By Melissa Fossum
By Lauren Wise
By New Times
By Amanda Savage
By Jason P. Woodbury
By Troy Farah
By New Times
A fine-boned brunette with a flapper's mien moves gracefully on and off stage revealing enough flesh and cheek to ensure the bow of the stage is crammed with boys and girls. Odessa, a lovely Mediterranean near-contortionist, maneuvers the inside of a cage and exposes an odds-on ability to reach each orifice with her mouth. The crowd of 300 that fills the club's bar area and main floor hoots appreciatively.
A sugar/noise trio of randy pop-tarts called the BLT's -- led by Cashman's fiancée, Paula Hedder -- puts an oddly alluring rap bit over triads of punk chords.
Al Foul jumps up and does a rousing version of his classic "Spank My Ass," despite the fact that his bass player is a no-show.
For the second half of the three-hour show, Cashman leaves only to return sporting a slut goddess persona with a grace that transcends the masculine borders of his rock 'n' roll shtick, the triumph of his female side. Wearing a Hoover-era girdle with fake breast implants, a Christian Dior bra, red fishnets and giant platforms, he gets his ass pinched numerous times en route to the stage.
It takes a real man to be a sissy.
"I did have on a pair of pink granny's panties, control-top granny's panties. I had to do a lot of shaving," says Clif Taylor, the ex-Cashman.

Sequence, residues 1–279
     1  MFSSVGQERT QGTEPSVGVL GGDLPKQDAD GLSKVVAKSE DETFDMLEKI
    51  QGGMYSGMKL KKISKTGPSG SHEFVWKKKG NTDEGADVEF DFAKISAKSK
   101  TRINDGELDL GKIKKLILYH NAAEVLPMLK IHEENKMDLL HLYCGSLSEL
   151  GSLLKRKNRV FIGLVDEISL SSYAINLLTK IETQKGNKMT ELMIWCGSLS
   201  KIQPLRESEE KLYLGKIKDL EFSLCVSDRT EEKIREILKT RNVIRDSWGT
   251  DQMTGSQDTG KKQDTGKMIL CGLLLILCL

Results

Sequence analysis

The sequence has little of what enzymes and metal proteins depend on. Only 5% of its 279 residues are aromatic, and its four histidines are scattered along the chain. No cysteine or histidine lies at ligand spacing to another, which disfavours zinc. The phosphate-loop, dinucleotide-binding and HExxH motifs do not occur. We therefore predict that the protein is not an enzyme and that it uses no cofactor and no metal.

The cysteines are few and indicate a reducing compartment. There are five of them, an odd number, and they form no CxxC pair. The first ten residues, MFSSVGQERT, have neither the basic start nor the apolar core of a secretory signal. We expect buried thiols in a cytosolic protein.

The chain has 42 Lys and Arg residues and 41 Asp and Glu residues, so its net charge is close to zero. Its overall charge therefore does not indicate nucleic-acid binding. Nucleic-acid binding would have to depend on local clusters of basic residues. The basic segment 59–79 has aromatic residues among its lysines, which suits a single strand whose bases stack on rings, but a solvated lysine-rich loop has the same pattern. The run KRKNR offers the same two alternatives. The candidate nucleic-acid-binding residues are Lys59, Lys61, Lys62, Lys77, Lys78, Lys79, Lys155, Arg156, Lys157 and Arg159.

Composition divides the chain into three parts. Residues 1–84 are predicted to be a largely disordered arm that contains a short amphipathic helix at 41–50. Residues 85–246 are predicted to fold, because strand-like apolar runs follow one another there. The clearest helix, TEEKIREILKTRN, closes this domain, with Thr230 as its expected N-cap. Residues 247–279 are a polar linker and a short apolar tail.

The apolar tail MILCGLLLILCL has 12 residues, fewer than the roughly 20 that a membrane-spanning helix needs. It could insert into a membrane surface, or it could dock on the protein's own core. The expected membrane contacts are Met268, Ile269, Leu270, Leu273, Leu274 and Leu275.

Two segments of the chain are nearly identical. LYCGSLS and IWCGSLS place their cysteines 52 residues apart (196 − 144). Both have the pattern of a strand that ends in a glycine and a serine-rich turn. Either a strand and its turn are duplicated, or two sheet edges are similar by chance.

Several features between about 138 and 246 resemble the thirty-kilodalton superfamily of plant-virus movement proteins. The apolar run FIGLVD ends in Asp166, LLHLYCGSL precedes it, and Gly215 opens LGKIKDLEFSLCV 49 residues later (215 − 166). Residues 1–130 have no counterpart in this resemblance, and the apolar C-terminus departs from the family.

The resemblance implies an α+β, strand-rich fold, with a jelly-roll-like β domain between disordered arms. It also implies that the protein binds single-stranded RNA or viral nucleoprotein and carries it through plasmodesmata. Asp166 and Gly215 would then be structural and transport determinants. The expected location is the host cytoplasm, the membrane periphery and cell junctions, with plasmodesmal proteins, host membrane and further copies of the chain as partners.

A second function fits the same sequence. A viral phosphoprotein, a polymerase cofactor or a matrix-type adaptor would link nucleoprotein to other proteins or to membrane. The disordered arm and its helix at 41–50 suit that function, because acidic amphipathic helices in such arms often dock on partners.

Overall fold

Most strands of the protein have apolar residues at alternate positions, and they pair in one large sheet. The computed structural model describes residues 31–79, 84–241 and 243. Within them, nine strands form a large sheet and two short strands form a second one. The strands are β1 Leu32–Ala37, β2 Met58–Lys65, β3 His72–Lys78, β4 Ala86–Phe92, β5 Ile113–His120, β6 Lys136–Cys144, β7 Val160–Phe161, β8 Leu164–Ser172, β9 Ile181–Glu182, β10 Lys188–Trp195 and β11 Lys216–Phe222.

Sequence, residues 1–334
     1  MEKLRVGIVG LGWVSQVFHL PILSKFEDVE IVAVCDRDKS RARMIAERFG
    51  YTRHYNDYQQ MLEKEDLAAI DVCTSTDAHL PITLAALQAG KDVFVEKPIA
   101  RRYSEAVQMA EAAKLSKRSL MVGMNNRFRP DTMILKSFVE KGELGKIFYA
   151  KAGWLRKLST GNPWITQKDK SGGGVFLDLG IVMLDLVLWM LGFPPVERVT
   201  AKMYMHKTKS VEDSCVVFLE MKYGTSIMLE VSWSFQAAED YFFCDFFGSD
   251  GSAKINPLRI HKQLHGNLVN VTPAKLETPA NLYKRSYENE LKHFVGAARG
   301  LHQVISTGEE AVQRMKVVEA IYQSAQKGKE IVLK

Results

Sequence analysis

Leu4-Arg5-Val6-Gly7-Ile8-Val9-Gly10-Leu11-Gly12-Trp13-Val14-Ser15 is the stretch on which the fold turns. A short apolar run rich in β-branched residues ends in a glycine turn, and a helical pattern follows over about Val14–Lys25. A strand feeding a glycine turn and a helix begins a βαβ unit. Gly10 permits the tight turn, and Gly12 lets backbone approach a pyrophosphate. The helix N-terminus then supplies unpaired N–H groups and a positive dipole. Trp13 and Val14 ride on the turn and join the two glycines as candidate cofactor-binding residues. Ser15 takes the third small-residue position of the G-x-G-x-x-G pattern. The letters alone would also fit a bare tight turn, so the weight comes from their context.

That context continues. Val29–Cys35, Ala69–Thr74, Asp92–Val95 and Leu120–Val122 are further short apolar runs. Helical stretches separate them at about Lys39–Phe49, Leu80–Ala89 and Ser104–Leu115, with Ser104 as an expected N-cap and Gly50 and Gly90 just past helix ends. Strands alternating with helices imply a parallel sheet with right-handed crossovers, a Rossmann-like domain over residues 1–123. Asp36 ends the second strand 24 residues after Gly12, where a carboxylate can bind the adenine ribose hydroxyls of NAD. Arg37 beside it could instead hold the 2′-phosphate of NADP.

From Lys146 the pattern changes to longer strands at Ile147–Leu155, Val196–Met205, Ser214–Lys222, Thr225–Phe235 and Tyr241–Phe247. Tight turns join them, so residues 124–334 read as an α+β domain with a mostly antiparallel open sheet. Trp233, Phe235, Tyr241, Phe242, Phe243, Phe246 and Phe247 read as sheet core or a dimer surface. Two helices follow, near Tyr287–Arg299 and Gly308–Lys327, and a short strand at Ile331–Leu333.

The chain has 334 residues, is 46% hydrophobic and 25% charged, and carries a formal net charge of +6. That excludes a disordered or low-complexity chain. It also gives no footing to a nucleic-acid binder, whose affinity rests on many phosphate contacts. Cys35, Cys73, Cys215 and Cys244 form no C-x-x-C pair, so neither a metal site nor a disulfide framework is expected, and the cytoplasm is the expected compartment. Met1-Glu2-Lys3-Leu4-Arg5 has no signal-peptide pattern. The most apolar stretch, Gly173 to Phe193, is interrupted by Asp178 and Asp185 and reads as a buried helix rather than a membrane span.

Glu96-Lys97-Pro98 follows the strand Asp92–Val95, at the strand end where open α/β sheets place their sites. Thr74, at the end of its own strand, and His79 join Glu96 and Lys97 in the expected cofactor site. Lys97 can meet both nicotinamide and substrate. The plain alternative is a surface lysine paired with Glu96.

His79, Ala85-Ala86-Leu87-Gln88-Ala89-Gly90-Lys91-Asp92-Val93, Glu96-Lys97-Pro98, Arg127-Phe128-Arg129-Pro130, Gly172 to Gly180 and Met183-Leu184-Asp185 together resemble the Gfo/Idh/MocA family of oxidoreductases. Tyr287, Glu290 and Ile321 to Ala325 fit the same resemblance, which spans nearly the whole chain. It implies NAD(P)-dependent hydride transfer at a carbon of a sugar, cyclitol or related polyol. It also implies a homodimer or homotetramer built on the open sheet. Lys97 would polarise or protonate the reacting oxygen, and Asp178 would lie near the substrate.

Control-top panties or no, Taylor decided to kill off Chick Cashman when it was still something that he considered worthwhile.
"I tried to push as many little buttons as I possibly could. I tried to hit every obscenity code. And the show was a good cross-section. But it was a stinkin' fun run. I don't think it was anything before its time; it was just entirely of its time."
Taylor's new band is called The Cocksmen and is rumored to be as much about show-bizzy overflow as CC and the Countrypolitans but armed with a rock 'n' roll purism.
"Tucson is ready to rock -- and I hate to use that word -- but they're ready to be entertained.
He tells me that tonight Hotel Congress is like its former self. "People came out of the woodwork. It was such a weird walk down memory lane."
Does that mean he's feeling nostalgic for a time lost? Didn't he call that kind of longing retarded?
"It was a perfect way to end," he continues. "I am just hoping someone will take the ball and say, "Okay, let's fucking do it.'"
On the way out of Club Congress, I learn that Cashman isn't the only one who offed himself. Starting mid-June, the club is discontinuing live music. Too bad.